Updated: Jun 22
Sounds weird, right? Most of us have been told at one time or another that seafood goes with citrus, but dairy rarely goes with seafood and citrus HATES cream. I know. We've also been told that sometimes if you kiss a frog it turns into a prince so really - I think it's time we throw out the rule book and start wearing black and navy together.
I had this incredibly rich and satisfying pasta dish (recipe link) at a seaside restaurant in the city of Pescara, which for those who haven't heard of it, is the capitol city of the Province of Pescara, in the region of Abruzzo. Although it has been inhabited since a couple centuries BC, present-day Pescara is a newish city on the Adriatic coast with about 120,000 residents.
Mostly bombed out during WWII, it was rebuilt in the years that followed and is now a bustling city with a pedestrian shopping district smack in the middle of the urban core (holy shit imagine that). In addition, there's an active footpath along the coast with restaurants and cafes lining the zone in between the city and the beach. It was at a restaurant called La Sirenetta di Zuccarini where Paul & I settled in to grab lunch, watch a Serie B game, and do a little day drinking, that I gravitated towards this way-to-heavy-for-lunch pasta. Rule book, shmool book.
This is what the dish looked like halfway into eating it, when I realized I loved it and would want to attempt a recreation:
Mmmmm. Creamy, shrimpy, orangey. And they all worked so well together. You can see the little bits of orange zest in the sauce, so I figured the chef relied mostly on zest to bring the orange flavor to the dish. According to Alison Roman (and probably many before her, but that's where I read it), one can use a little bit of citrus juice in cream without causing it to curdle. Since oranges are less acidic than lemons, this would probably work fine - a squeeze from a slice of an orange. I decided on my first crack at this, I would only use zest. I was quite happy with the results. Recipe follows. I will - once it starts to get chilly out - attempt this again as a lightened-up version, most likely substituting half of the cream for a nut milk. But for now, this version tasted like I remembered it, and I think that's pretty cool.
2 large servings
2 tablespoons e.v. olive oil
12 medium prawns with shells on, rinsed and patted dry
dash of red pepper flakes
1 clove garlic, sliced
splash of dry vermouth
1 cup water
1/4 cup salted butter (1/2 stick, 2oz)
1 cup heavy cream
zest from 1 navel orange
1/2 cup grated parmigiano reggiano (25g)
9oz fresh fettuccine or tagliatelle
roux: 3 tablespoons flour, slowly whisk in warm water until a paste forms
1---Start a large pot of salted water on medium heat and cover. Put a high-walled sauté pan on medium heat, adding 1 1/2 tablespoons of the e.v. olive oil Once it is hot, add the prawns in a single layer. Season them with s+p and red pepper flakes. Cook for about 2 minutes on each side. I find a set of tongs is perfect for this. Use the tongs to touch for doneness; they will feel firm to the push when done, a little squishy when still raw in the middle. Do this while cooking to get a feel for when they change over. We will be adding them to the sauce in the final stage, so err on under-cooked because they will finish in the sauce. And no one likes over-cooked shrimp! Remove prawns to a plate and set aside.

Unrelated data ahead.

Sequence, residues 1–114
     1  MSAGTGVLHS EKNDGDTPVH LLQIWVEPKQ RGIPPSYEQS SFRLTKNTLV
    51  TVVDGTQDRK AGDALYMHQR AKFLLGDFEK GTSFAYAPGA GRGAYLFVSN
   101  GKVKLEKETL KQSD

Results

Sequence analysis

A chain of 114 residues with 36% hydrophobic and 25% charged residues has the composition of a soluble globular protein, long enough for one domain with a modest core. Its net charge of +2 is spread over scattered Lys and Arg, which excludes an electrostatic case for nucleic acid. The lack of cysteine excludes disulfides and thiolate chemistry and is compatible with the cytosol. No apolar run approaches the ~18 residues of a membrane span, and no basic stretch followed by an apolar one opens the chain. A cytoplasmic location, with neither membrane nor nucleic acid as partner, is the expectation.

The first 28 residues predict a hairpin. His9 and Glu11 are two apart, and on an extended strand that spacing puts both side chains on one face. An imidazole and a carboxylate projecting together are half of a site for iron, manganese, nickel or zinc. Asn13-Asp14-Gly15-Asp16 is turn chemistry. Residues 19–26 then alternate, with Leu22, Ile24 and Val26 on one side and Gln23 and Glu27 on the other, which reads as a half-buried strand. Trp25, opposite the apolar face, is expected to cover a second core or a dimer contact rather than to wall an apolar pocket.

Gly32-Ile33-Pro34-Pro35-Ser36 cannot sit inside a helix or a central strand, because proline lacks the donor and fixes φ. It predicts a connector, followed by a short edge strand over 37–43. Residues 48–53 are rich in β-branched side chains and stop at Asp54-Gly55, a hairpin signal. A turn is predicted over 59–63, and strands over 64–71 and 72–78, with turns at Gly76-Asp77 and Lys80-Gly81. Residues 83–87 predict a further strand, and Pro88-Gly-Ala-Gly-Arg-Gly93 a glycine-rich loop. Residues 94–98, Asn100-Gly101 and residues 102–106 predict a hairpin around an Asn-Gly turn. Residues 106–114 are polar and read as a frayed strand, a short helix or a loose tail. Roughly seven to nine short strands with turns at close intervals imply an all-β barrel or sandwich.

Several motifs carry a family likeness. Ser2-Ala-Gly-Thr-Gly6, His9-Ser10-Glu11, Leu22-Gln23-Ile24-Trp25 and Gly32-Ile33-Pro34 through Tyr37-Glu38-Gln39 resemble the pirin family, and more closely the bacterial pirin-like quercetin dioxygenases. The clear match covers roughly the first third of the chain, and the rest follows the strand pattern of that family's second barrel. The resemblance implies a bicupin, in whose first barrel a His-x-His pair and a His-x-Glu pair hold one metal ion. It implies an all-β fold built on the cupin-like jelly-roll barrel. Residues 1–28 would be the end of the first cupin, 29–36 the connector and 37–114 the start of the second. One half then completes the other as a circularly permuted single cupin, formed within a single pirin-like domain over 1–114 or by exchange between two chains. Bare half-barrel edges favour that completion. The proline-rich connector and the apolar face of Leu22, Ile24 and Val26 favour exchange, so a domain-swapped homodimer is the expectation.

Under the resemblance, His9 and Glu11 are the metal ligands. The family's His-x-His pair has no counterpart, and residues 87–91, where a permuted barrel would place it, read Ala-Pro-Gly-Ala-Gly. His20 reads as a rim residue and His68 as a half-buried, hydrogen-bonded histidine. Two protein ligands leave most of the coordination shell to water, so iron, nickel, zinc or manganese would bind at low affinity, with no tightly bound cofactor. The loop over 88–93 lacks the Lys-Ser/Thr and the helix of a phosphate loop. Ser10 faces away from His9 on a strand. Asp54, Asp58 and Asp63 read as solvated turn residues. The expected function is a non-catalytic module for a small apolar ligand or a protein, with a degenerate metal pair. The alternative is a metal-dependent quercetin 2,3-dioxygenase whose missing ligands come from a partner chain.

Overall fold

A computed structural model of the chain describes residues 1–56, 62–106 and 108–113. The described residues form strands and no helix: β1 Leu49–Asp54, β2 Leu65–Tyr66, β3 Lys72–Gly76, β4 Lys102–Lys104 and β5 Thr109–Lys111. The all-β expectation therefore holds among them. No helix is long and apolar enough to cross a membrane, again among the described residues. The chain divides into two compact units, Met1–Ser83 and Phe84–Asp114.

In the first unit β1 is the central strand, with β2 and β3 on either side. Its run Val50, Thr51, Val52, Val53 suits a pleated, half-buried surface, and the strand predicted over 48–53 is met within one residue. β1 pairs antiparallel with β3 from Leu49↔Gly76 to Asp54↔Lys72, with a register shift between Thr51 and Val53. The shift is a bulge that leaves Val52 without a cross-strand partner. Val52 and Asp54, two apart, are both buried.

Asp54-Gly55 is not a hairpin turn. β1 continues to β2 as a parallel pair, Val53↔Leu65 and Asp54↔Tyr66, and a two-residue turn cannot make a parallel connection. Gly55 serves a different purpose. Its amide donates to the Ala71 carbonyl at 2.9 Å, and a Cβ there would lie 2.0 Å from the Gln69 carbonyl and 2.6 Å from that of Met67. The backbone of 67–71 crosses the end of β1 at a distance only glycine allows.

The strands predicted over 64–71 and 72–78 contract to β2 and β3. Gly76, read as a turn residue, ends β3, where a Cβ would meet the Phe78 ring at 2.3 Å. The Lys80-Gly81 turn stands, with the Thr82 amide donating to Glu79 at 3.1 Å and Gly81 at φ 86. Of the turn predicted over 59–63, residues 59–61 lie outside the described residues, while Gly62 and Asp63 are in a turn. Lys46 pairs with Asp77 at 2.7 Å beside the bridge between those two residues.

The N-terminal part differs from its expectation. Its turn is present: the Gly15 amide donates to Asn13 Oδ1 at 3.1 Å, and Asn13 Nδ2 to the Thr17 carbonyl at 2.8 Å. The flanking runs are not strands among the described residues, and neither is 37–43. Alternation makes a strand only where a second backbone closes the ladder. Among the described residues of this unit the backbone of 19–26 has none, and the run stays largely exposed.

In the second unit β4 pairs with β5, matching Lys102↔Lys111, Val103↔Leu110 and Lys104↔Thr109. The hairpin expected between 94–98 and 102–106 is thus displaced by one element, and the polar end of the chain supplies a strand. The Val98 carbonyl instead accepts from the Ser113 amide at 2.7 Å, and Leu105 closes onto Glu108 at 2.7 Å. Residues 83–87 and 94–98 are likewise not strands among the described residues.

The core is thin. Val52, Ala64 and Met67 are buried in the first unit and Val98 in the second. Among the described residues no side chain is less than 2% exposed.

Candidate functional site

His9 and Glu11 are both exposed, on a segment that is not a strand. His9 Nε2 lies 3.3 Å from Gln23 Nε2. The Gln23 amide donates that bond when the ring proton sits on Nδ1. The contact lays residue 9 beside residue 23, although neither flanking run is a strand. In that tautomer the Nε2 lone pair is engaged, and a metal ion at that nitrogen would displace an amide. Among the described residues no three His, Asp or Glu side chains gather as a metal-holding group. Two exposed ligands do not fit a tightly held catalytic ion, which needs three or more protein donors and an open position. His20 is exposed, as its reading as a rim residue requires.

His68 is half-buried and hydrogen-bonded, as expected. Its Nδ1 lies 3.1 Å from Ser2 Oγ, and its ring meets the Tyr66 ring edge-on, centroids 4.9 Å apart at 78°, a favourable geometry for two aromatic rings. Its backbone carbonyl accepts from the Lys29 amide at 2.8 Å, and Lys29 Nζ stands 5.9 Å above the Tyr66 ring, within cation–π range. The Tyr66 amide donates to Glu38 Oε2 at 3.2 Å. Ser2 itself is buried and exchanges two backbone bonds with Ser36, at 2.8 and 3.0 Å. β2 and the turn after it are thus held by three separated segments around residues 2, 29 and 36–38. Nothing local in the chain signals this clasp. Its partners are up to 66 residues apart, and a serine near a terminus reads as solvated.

2---Add the remaining 1/2 tablespoon e.v. olive oil to the pan and toss in the garlic. Once the garlic becomes aromatic, after about a minute, deglaze the pan with the vermouth. Use a wooden spoon to scrape the fond from the pan. This is the good stuff. Add the cup of water and reduce to medium-low during the next step. We want to reduce the water by half, but no more.
3---Peel the shrimp and add the peels to the water, the peeled shrimp go into the fridge to halt cooking. This will take a few minutes. If when complete, the water has not reduced by half, turn the heat up a bit and let that happen. Cover and cook an additional 5 minutes, get a good stock going.
4---Strain the stock into a bowl or measuring cup, and rinse out your pan for the final phase. Crank up the heat on the water pot to bring it to a rolling boil. Put saute pan back on medium heat, and add the butter. Once melted, add the stock, heavy cream, and orange zest and heat until gently bubbling. Slowly add the parmigiano reggiano, stirring with each addition. Reduce heat to medium-low.
5---Boil fresh pasta for 2-3 minutes, until al dente. We will finish cooking the pasta in the sauce. While this is happening, begin adding the roux to the sauce by the teaspoon, stirring with each addition. The sauce will thicken, and once it coats the back of a spoon, it is ready. Taste and adjust with s+p as desired.
6---Strain the pasta, and immediately add it to the sauce along with the prawns. Using the tongs, gently toss the pasta and prawns in the sauce for a minute. Plate by piling pasta in a bowl first, then adding prawns to the top.
I was very happy with how this turned out. I hope you enjoy it too and maybe it'll help you to question the food rules you've grown up with. Have fun, enjoy, eat happy.